Solar Panel Manufacturing & Its Waste

To: Professor Ellis

From: Devina Budhan, Dominick Denis, Tariq Hemraj

Date: December 24, 2019

Subject: Collaborative Project: Solar Panel Manufacturing & Its Waste

For our project, we focused on the irony of solar panels in terms of the process of making it is very harmful to the environment. We focused on finding alternative materials that could go into making the solar panels as a substitute for lead and silicon which are the leading materials as well as other solutions that can aid in the waste being produced.

Below we are including links to our project deliverables: 

Research Report



Report on Collaboration

Devina Budhan’s 750-Word Expanded Definition of Malware


The reason I am writing this memo is to inform you about a word that is commonly used in my field of study in computer information systems. The word I have chosen to explain more on is malware. By looking up different definitions and examples of the word and how it’s used from articles and the web I will show how it’s changed over the years or if it has changed at all.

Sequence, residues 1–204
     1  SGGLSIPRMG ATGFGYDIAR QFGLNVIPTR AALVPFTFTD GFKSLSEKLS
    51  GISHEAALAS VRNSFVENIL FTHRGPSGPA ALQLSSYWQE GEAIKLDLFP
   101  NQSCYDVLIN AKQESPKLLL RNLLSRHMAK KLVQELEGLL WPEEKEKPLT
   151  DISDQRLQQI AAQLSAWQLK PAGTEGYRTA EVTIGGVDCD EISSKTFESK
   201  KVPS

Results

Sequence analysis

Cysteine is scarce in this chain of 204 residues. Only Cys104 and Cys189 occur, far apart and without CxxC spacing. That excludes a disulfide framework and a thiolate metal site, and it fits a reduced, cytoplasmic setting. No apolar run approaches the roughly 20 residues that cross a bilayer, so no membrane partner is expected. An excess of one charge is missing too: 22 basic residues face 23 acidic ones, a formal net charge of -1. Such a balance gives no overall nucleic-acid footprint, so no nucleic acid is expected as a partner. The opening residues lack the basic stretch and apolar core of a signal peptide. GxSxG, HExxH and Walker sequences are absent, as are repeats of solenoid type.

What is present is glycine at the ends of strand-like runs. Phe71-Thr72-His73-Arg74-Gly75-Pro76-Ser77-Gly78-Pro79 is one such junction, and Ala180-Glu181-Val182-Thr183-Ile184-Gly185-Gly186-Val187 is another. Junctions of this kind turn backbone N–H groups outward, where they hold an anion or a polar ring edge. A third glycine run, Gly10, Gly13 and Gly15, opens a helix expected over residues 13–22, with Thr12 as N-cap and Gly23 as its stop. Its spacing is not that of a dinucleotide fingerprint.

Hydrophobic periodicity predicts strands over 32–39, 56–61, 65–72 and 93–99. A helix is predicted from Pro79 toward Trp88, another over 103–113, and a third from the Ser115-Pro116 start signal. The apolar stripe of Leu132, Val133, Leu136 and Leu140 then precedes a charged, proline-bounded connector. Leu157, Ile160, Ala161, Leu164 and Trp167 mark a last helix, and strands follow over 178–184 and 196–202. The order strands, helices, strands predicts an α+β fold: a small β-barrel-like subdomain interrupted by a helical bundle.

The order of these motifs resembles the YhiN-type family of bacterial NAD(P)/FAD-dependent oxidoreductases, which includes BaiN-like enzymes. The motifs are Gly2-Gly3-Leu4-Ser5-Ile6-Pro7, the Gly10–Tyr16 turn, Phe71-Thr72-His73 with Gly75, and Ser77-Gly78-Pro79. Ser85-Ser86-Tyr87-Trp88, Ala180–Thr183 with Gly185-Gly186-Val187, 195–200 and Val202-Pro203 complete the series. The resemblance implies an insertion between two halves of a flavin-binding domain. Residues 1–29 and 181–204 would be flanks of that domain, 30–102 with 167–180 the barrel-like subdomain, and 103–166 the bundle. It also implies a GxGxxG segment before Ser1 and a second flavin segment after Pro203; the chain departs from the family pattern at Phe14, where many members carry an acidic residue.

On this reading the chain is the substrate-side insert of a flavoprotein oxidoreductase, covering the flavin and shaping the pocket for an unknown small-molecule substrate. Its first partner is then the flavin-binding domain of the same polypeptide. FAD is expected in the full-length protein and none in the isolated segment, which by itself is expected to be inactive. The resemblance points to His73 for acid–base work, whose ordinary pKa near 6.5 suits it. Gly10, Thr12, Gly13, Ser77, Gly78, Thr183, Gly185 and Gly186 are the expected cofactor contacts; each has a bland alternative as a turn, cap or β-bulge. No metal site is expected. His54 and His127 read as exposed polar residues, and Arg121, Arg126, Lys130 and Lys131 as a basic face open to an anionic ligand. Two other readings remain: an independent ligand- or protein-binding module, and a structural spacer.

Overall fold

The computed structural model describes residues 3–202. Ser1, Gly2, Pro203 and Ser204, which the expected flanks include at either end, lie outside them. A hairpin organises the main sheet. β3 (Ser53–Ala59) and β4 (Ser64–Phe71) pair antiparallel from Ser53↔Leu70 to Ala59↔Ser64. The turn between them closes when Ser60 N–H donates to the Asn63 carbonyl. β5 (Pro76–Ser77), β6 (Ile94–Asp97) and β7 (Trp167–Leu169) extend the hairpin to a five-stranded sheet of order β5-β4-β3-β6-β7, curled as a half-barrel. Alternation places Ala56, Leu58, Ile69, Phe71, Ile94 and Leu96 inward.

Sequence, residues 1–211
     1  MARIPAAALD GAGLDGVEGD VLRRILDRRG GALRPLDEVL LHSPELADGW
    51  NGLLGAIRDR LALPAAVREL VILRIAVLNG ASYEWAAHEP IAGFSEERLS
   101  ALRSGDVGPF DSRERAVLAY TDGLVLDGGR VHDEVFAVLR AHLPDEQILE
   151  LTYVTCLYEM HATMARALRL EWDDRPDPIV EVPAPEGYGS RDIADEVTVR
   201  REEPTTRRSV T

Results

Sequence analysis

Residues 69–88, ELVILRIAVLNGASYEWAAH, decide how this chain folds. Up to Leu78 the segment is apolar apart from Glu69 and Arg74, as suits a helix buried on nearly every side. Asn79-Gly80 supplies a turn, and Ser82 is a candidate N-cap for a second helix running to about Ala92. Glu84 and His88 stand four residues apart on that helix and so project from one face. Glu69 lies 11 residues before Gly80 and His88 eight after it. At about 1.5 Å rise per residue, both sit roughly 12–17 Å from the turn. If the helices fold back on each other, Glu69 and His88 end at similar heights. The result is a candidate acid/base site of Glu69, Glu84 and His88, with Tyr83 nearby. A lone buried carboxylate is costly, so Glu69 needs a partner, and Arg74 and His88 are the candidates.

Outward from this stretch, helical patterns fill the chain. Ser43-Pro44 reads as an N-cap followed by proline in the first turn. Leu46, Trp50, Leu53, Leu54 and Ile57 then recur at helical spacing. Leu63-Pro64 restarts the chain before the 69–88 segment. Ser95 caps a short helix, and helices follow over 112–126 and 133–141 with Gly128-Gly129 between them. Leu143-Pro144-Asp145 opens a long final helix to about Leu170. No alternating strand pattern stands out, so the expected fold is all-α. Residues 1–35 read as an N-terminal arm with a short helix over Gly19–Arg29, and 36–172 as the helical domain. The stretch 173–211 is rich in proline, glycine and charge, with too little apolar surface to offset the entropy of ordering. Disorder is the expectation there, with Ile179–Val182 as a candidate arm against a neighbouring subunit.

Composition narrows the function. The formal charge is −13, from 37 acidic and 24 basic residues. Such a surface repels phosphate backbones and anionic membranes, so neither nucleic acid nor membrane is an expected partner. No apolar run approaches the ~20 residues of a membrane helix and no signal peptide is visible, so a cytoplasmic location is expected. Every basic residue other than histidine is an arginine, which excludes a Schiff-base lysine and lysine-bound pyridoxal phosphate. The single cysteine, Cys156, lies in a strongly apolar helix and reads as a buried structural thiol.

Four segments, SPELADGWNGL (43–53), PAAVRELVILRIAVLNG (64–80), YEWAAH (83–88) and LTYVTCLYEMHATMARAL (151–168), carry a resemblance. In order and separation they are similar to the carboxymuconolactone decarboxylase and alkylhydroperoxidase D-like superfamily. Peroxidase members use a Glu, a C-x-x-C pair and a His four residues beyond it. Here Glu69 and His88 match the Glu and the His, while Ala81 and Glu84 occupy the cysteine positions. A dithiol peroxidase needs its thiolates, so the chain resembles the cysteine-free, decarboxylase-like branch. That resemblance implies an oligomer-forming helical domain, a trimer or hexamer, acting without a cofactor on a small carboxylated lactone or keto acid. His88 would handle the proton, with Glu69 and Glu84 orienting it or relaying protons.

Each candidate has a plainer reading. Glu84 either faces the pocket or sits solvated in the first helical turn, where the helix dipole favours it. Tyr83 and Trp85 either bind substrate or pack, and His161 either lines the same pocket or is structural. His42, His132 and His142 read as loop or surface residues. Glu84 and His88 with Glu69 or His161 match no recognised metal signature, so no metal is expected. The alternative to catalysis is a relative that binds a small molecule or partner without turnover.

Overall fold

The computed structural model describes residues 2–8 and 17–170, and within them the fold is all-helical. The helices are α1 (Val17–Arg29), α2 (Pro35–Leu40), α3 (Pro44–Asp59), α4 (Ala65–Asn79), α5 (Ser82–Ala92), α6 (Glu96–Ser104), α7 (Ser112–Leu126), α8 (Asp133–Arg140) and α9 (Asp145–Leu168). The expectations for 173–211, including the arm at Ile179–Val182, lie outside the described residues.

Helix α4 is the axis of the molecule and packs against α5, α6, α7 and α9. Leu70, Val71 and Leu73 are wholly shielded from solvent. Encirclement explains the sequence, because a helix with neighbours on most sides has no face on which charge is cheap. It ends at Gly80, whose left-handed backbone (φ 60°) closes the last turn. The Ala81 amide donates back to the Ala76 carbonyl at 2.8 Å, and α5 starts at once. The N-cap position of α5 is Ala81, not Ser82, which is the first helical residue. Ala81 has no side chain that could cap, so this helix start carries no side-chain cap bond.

Malware is actually the combination of “malicious” and “software/hardware” and originates from the English language. According to the Oxford English Directory (OED), malware is defined as “programs written with the intent of being disruptive or damaging to (the user of) a computer or other electronic devices; viruses, worms, spyware, etc., collectively” (OED, 2019). In other words, OED describes malware a type of program that is created to attack or harm a user’s computer or any electronic device. In addition to the OED’s definition, the National Institute of Standards and Technology (NIST), describes malware as “Software or firmware intended to perform an unauthorized process that will have adverse impact on the confidentiality, integrity, or availability of an information system.” (NIST, 2019). This describes malware as a software that was initially made to deny access to particular functions and resources of a computer system affecting the confidentiality of the information, the validity of the information contained in the system and the availability of the information to be used meaning the data can be walled from being used. A third definition from “Randed”, malware is defined as “Any software used to disrupt computer or mobile operations, gather sensitive information, and gain access to private computer or mobile operations”, this explains malwares specific purpose of infiltrating information and denying access to computer systems.